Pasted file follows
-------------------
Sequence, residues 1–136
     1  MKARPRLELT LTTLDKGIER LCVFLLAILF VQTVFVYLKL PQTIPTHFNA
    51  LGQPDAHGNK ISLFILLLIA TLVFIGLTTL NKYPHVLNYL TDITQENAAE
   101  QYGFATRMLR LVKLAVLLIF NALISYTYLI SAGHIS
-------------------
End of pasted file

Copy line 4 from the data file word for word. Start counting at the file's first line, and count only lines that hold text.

   101  QYGFATRMLR LVKLAVLLIF NALISYTYLI SAGHIS